“It should be understood,” Beretta continues, “that when working in this area there is always a reaction and a counter-reaction. It is the balance between the two that generates well-being. The clinical studies we conducted on our supplement CellFasting, which contains glutathione precursors, show that the oxidized and reduced species in plasma are perfectly balanced.”

In physics it is said that for every action there is an equal and opposite reaction, and the maxim seems to apply well to antioxidants. Certain therapies-such asozone therapy-also work on the basis of a similar mechanism: they are actually pro-oxidants, but they stimulate the antioxidant reaction. Finally, it is well known thatphysical activity triggers oxidative processes at the muscle level, but if carried out in moderation and constancy it actually stimulates the production of anti-oxidants and is found to have a protective and beneficial effect on the body.

Exercise is a powerful antioxidant. If excessive and exhausting, however, it has the opposite effect and produces free radicals

How is oxidative stress measured?

Oxidative stress is a pre-pathological condition and gives no signal, but it is usually assessed on the basis of risk factors. It is therefore difficult to detect clinically although several techniques have been developed over the years. They are used in the world of research or clinical practice to measure excess free radicals in the body.

SoLongevity researchers, for example, use high-pressure liquid chromatography. The examination is based on the fact that different chemical species, separated through special chemical processes in a special machine, have different detection times. In the case of free radicals, this is a reliable but complex and expensive test, which is why it is not used in clinical practice but only in research.

A widely used test, however, was developed by an Italian chemist, Mauro Carratelli, and involves the analysis of different species of reactive oxygen radicals. The test is called d-ROMs(Reactive Oxygen-Free Radical Metabolites) and specifically measures the amount of lipid peroxides or hydroperoxides generated in cells by free radical attack in the patient’s blood. This is a measurement that correlates well with oxidative stress damage, and only one drop of blood is needed to obtain it. In the near future, it could also be used in Longevity Pharmacies, pharmacies that adopt SoLongevity’s check-up solutions for primary prevention.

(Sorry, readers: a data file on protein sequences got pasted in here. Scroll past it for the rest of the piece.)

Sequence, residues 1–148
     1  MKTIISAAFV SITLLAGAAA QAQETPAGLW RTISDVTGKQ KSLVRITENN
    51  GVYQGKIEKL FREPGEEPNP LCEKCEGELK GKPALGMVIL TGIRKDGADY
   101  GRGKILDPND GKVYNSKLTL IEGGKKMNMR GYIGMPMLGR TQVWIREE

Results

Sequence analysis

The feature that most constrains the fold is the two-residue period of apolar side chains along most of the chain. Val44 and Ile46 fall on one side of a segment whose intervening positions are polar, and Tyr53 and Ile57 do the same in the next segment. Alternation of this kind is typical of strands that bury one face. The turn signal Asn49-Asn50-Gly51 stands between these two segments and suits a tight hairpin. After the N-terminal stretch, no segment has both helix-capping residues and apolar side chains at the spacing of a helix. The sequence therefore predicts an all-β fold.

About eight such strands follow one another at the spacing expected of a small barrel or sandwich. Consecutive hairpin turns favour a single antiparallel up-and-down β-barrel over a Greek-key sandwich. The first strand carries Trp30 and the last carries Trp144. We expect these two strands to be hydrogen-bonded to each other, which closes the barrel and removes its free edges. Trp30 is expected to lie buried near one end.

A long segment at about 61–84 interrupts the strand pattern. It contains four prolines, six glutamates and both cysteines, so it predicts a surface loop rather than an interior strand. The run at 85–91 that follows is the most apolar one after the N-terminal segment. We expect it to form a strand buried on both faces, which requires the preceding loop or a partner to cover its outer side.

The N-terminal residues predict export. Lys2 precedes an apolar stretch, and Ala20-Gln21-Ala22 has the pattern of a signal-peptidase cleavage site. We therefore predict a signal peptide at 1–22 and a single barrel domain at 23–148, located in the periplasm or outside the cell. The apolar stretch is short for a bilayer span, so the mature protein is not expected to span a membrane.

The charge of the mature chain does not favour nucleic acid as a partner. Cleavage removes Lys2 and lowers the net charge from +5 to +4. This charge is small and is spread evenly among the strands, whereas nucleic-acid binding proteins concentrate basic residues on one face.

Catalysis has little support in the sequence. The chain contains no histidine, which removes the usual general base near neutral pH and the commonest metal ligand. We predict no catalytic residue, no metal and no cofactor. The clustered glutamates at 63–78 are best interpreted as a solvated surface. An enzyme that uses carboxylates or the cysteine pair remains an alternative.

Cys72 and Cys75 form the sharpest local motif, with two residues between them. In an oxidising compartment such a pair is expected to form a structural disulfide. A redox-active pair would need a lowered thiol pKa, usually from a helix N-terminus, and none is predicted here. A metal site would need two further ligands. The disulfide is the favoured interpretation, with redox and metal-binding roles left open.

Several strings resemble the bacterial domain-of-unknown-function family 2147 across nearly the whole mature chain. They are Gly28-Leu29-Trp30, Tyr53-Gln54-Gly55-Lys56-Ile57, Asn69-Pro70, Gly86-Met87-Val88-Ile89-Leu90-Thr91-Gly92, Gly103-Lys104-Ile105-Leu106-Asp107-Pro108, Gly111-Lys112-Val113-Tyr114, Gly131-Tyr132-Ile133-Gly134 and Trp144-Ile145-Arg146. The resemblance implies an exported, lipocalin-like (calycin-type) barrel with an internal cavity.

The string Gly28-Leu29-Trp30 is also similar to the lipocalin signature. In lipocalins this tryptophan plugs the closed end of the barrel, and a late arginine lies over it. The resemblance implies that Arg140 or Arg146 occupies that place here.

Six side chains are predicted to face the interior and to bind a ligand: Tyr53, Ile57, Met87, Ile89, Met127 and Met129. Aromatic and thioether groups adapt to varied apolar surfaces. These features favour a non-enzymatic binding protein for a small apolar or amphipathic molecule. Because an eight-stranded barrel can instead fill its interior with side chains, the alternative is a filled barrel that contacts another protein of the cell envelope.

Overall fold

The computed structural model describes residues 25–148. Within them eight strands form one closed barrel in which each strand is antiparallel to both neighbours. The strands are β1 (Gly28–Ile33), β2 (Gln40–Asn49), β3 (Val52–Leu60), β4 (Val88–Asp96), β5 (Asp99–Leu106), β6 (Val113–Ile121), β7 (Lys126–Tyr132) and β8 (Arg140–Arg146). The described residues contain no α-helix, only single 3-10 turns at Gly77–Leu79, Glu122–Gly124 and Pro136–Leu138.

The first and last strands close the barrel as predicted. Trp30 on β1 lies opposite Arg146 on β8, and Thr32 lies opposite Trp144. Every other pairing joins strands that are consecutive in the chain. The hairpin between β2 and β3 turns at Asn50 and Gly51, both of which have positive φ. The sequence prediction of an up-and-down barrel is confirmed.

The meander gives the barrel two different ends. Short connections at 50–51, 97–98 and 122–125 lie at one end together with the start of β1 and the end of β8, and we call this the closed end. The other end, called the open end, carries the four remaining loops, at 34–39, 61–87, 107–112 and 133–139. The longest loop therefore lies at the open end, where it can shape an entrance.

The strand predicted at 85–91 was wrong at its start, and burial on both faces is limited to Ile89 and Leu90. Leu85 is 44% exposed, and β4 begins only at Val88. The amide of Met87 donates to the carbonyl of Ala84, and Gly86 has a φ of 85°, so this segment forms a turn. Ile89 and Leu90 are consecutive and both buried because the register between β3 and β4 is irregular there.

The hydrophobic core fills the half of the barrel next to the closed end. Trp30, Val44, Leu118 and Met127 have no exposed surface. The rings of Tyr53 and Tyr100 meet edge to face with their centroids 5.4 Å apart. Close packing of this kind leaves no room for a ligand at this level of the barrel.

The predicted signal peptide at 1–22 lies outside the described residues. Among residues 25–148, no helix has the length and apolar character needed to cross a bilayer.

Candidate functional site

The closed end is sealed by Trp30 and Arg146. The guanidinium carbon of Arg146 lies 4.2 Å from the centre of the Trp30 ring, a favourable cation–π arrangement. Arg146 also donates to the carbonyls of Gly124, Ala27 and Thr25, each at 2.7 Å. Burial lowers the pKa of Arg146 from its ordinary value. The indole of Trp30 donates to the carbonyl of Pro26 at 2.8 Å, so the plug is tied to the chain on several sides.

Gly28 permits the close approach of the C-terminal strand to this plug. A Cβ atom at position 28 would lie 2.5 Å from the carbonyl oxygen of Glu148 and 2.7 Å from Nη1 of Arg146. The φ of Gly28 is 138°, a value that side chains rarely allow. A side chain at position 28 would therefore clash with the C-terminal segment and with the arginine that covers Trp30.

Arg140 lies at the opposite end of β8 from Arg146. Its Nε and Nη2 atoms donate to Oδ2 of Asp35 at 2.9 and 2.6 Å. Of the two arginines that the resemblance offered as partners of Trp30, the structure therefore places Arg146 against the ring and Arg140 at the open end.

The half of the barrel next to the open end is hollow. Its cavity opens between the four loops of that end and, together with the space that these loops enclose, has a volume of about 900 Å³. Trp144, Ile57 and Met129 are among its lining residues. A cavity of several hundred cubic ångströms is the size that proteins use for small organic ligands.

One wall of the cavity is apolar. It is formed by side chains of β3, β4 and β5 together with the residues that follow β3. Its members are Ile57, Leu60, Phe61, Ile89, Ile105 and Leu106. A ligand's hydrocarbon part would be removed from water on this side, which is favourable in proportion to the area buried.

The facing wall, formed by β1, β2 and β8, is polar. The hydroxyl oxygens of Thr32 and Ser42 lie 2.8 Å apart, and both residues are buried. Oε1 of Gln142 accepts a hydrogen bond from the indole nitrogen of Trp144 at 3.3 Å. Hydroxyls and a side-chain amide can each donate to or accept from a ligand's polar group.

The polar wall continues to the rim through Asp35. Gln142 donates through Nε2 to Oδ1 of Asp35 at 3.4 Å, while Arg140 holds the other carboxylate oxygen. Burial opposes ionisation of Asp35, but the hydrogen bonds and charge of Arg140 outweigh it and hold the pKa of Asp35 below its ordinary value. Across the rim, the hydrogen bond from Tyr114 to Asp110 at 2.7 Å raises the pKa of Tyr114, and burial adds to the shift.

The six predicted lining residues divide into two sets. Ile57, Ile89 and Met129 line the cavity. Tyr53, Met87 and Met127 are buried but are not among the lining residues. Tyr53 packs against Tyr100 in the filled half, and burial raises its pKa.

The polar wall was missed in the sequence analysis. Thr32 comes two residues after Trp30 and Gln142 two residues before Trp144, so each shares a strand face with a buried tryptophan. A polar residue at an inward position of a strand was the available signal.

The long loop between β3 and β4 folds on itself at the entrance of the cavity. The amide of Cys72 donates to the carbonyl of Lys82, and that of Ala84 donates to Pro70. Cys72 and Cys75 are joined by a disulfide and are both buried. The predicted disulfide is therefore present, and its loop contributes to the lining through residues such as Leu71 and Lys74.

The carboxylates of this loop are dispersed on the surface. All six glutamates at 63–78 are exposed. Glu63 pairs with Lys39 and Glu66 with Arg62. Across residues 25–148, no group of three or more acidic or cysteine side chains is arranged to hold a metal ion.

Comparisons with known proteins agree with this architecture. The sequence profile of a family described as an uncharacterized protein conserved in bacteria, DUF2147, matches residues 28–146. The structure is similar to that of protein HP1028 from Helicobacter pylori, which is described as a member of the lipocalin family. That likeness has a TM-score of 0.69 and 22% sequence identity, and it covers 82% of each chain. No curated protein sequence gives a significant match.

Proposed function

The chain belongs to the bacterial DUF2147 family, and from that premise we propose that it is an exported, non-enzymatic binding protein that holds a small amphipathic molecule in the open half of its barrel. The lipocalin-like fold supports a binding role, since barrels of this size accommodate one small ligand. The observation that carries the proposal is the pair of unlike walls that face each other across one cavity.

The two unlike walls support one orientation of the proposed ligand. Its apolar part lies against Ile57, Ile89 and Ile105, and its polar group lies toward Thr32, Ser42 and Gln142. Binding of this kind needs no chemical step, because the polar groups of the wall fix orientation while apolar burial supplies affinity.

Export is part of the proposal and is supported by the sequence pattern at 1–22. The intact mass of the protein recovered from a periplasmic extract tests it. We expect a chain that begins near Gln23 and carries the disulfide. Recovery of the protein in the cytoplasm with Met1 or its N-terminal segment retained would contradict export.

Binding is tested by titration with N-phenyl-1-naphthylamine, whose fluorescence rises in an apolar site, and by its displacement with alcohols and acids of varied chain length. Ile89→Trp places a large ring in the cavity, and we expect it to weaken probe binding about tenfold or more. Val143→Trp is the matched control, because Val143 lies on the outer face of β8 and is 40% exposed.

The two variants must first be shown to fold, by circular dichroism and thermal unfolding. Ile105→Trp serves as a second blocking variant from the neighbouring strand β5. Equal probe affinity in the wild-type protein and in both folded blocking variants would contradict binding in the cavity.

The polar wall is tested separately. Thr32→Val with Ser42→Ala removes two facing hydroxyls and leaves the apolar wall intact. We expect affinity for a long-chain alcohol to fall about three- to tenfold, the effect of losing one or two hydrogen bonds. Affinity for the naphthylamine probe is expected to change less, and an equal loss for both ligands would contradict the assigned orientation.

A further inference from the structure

While the d-ROMs test directly quantifies the body’s level of oxidative stress, there is another test called BAP that measures the body’s ability to counteract the formation of oxygen free radicals. What, in jargon, is called plasma antioxidant potential, manages to consider both antioxidants of an exogenous nature (such as Vitamin C or E) and those of an endogenous nature produced, for example, by the liver.

Another of the consequences of increased free radicals in the body is theoxidation of LDL lipoproteins, or cholesterol. The risk, when these are present, is mainly in terms of the onset of cardiovascular disease or atherosclerosis. These cause damage to the inner walls of blood vessels and can also induce a rupture of atherosclerotic plaques and cause thrombi. An indirect-and less widespread-measure of the body’s state of oxidation, and thus of excess free radicals, is therefore precisely the measurement of oxidized cholesterol.

Still another way is based on measuring thiols, or plasma thiol groups, organic compounds that can be found in the reduced (protective) and oxidized form in the blood. If the two forms are in balance, we have an indication of balance of the organism as well.

Prevention and antiaging medicine

Investigations such as those described above are usually prescribed for heavy smokers, since smoking is one of the most powerful oxidants. They can also be indicated for professional athletes, since, as we have seen, excess physical activity leads to great oxygen consumption and, therefore, oxidative stress, which might be balanced by taking antioxidants. And they are, in any case, a useful diagnostic aid for early identification for all people who, whether due to age or lifestyle, may be at risk of developing oxidative stress and inflammation

Acting on oxidative stress, however, is a practice that is carried as a means of prevention, when there is not yet a disease to cure. Therefore, considering one’s lifestyle is crucial. Once an inflammatory disease, such as chronic gut diseases, for example, or a chronic cardiovascular disease, or even diabetes, is established, acting only on oxidative stress serves little purpose. Rebalancing oxidative stress is a topic primarily addressed in antiaging medicine, which when necessary, provides both diagnostics and planning for subsequent targeted intervention.

Finally, it should be emphasized that oxidative stress generates inflammatory processes because it stimulates the transcription of particular genes that, in turn, increase oxidative stress, thus triggering a vicious cycle. Often, therefore, to “treat” inflammation, it is necessary to see if there is an underlying oxidative stress condition, and to intervene accordingly.